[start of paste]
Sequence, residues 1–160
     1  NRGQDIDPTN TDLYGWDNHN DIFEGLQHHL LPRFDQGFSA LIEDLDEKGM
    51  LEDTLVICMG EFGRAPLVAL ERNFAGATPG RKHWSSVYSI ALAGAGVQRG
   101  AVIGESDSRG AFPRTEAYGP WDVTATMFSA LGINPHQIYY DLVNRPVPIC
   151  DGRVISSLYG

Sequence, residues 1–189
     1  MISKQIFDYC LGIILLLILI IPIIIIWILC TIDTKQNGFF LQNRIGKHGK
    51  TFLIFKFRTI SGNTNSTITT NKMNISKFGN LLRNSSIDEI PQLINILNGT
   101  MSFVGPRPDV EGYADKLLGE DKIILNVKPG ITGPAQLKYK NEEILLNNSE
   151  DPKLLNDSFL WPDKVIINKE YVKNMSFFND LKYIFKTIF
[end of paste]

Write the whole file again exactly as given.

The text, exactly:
Sequence, residues 1–160
     1  NRGQDIDPTN TDLYGWDNHN DIFEGLQHHL LPRFDQGFSA LIEDLDEKGM
    51  LEDTLVICMG EFGRAPLVAL ERNFAGATPG RKHWSSVYSI ALAGAGVQRG
   101  AVIGESDSRG AFPRTEAYGP WDVTATMFSA LGINPHQIYY DLVNRPVPIC
   151  DGRVISSLYG

Sequence, residues 1–189
     1  MISKQIFDYC LGIILLLILI IPIIIIWILC TIDTKQNGFF LQNRIGKHGK
    51  TFLIFKFRTI SGNTNSTITT NKMNISKFGN LLRNSSIDEI PQLINILNGT
   101  MSFVGPRPDV EGYADKLLGE DKIILNVKPG ITGPAQLKYK NEEILLNNSE
   151  DPKLLNDSFL WPDKVIINKE YVKNMSFFND LKYIFKTIF